I'm disappointed to hear you think the choice of Viggo Mortenson isn't plausible as I've been thinking he would be the perfect choice. If they uglied-up Charlize, maybe, but Viggo seems dark enough to me. This is a movie I've considered seeing if only because they could make a movie from a McCarthy novel. You have a flair for this, Banjo, now I'm very interested in seeing the film.

PJ said...

PS I meant to tell you how much I like the photographs.

Banjo52 said...

Thanks, Paula. And I must say, as hunkdom goes, they uglied up Viggo pretty good to my eye, but let's see what you think. I admire Charlize Theron for taking uglied up roles like this, but you can only ugly her up so far, which is not very far at all.

I guess it's obvious that I think this whole premise of uglying up the beauties is fun. Maybe I'm still mad about Redford as Gatsby--not so much un-uglied as simply Wrong. Maybe I'm a sulker.

What about the new cop on CSI Miami? Isn't he too pretty? Was Delco--regular people Delco--good enough? But the new guy is starting to seem like one of the good guys. I feel a triangle coming with him, Calleigh, and Boa Vista. Love among the innards.

Anonymous said...

That Gatsby was criminally negligant. I can’t imagine anyone involved had actually read the book. If they had, even worse.

Would be fun to give the screenplay a real attempt, wouldn't it. The casting would be oh so secondary.

PJ said...

Sulking is good.

Don't get me started on CSI Miami. At our house Horatio Caine takes more verbal abuse than any super hero could endure. I'm missing AC Delco, though. There's a new cop? A love triangle? Really?

Jeff M said...

Ugly up Charlize? You ever see the film Monster, for which Charlize won academy award for best actress? If you haven't, be prepared to see a makeup job that has no rivals in film history.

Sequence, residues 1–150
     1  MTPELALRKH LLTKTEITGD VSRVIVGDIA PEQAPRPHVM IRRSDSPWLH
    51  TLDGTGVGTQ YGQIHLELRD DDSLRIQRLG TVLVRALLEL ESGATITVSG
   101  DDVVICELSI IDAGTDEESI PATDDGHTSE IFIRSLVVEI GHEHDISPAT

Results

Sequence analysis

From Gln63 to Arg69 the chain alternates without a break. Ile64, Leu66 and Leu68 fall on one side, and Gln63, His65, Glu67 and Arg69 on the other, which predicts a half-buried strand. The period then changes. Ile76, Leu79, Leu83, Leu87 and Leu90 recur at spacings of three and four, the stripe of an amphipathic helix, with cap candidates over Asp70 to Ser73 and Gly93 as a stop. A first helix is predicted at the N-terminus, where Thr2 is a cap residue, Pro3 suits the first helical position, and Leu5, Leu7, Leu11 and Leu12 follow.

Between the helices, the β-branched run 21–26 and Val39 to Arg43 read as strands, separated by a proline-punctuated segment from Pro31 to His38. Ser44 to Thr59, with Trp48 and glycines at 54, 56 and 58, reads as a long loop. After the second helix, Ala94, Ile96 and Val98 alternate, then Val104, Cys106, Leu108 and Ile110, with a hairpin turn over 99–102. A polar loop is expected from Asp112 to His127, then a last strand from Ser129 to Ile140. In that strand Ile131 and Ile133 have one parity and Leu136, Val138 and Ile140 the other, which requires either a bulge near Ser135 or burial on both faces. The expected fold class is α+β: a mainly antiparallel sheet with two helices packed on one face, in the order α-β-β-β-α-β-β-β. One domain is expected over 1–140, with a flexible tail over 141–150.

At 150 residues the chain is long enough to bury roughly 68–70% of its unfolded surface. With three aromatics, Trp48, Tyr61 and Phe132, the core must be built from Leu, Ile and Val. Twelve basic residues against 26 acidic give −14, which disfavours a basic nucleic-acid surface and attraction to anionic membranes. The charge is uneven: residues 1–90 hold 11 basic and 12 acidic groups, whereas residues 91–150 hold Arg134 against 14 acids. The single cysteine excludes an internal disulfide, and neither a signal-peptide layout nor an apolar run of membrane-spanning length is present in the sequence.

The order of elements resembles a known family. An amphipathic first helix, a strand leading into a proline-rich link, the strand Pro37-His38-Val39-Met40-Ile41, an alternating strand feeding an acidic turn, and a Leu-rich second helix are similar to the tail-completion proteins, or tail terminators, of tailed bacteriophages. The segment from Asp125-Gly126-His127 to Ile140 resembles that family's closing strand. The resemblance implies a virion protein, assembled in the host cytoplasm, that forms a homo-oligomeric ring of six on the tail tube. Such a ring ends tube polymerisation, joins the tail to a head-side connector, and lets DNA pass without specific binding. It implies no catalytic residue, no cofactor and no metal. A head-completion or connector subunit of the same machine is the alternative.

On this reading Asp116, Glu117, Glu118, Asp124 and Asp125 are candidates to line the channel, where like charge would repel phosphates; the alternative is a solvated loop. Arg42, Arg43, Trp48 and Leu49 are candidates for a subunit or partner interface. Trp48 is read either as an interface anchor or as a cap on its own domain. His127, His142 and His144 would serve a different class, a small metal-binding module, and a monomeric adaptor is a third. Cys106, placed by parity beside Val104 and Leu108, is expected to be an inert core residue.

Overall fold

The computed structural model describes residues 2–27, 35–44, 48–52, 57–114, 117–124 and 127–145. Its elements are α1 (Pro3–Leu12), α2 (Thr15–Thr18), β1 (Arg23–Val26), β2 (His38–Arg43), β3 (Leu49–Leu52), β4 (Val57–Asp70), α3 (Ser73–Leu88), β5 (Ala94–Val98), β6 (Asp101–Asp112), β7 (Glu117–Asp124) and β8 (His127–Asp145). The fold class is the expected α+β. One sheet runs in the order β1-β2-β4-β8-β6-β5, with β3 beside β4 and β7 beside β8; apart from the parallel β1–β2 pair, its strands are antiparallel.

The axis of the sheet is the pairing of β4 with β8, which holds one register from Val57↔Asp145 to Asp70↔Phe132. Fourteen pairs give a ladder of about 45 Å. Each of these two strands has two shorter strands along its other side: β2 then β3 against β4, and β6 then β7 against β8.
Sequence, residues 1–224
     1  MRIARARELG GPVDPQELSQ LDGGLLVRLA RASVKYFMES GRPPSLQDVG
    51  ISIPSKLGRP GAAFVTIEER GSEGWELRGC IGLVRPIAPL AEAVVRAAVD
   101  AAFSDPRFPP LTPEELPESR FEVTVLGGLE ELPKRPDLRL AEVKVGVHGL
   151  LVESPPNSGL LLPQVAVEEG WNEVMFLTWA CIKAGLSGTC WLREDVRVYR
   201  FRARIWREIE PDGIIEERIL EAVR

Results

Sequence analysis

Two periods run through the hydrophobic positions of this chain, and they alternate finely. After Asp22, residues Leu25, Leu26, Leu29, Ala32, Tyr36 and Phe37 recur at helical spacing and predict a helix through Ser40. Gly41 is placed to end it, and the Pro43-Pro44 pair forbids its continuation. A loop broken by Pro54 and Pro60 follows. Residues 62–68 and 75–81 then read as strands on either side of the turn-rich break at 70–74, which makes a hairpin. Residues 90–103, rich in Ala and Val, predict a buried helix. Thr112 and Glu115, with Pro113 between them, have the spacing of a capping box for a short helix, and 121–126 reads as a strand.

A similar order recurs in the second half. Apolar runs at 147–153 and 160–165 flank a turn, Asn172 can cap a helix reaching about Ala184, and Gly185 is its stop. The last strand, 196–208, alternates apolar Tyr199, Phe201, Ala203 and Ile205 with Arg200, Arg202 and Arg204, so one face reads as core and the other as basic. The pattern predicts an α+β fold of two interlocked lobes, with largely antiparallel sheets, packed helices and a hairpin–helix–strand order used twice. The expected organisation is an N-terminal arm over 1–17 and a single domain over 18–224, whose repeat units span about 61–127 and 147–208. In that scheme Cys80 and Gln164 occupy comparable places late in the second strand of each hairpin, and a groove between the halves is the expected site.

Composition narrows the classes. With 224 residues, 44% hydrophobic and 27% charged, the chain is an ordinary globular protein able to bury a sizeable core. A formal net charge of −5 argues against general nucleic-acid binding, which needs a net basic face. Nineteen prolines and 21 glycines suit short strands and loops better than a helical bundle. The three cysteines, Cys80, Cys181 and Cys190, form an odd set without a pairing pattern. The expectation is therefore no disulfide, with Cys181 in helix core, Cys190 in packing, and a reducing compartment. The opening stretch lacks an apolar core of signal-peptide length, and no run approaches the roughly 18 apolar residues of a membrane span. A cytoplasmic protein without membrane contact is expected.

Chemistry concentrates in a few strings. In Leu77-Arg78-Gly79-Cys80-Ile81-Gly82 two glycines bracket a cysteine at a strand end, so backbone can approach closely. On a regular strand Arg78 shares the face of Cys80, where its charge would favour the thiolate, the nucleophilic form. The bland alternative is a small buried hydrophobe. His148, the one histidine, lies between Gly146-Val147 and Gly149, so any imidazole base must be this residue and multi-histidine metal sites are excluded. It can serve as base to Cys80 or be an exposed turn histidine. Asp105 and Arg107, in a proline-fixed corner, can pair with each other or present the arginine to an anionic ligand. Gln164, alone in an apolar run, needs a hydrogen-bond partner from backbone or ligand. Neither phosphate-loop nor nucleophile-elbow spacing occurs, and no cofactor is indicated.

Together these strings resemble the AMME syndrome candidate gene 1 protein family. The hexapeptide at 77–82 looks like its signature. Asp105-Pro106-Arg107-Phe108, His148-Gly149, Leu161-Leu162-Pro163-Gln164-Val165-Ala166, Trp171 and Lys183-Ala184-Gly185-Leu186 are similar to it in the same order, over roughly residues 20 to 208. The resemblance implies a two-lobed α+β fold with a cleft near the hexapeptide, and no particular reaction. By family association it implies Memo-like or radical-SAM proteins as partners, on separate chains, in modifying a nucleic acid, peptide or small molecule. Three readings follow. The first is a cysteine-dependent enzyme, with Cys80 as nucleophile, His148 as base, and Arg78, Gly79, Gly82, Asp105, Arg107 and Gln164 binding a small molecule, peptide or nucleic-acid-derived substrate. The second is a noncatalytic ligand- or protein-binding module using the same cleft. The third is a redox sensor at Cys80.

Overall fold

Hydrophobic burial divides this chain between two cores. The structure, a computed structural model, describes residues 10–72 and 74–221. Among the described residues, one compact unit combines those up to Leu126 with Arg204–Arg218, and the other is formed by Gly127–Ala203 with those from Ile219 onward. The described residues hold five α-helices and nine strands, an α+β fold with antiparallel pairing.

I still don't know if I want to see this film. The book was enough, and I'm very displeased that the director and writer felt they had to add to the husband/wife story line when, in the book, it is barely explained at all --- just enough, like the glint of glass, which is like it is for most people, our most treasured memories: just glints of glass, slivers, painful charges that leap into us like currents.

Banjo52 said...

Hiker, what a challenge to do the screenplay! As for casting, I've often spouted off about Gatsby being more idea than flesh and blood, hence the foolishness of trying to put him on film. But if someone's going to gamble, the actor should be an unknown.

Paula, I'm guessing about the love triangle--just want to be on the record that some predicted it, and why not Banjo? Did Delco have relationships with both women? Calleigh for sure. And some guy did with Boa Vista. As for Horatio, he was a completely comic character-caricature until very recently (I've only been watching for a year, mostly re-runs). But he's starting to grow on me, stylized posturing and all. Has he changed or have I?

Jeff,I did see Monster, and I completely agree. I'm tempted to take the time to look up her filmography--my impression is that she's uglied up at least as often as not. You are nicely poetic on the wife's role in the book; it's not too far off to say the movie tries for that effect too--Charlize has only a few short (but powerful) scenes.

PJ said...

I think Delko was free with the ladies. I just can't talk about Horatio, it runs that deep.

Jeff, I was thinking about Monster myself.

Banjo52 said...

Paula, I love your antipathy for Horatio. I started there; between his poses and the grinding up of human bodies, I didn't even watch the show for years. Then, in reruns, I began to find him hysterically funny, as over-the-top as the photography. Now, as I said, he's becoming almost my 21st century Gary Cooper, Joe Friday, and so forth--lonely, shuffling, leader, hunched with the burden of his integrity, his skll. Who knew we could make an icon from a skinny carrot-top who states the name of everyone twice, gravely, as he goes through obsessive rituals with his shades and utter-mumbles profundities. Who knew? Paula, give him another chance, I beg you. He NEEDS you . . . .

PJ said...

Banjo, Banjo, my friend (removes sunglasses), I'll give him another try, although I may have to wait until after the new year for those new episodes.

Banjo52 said...

Paula, great imitation! But no pressure to keep trying Horatio.
(This last comment of yours got a little lost--just now found it, 12/5 4pm).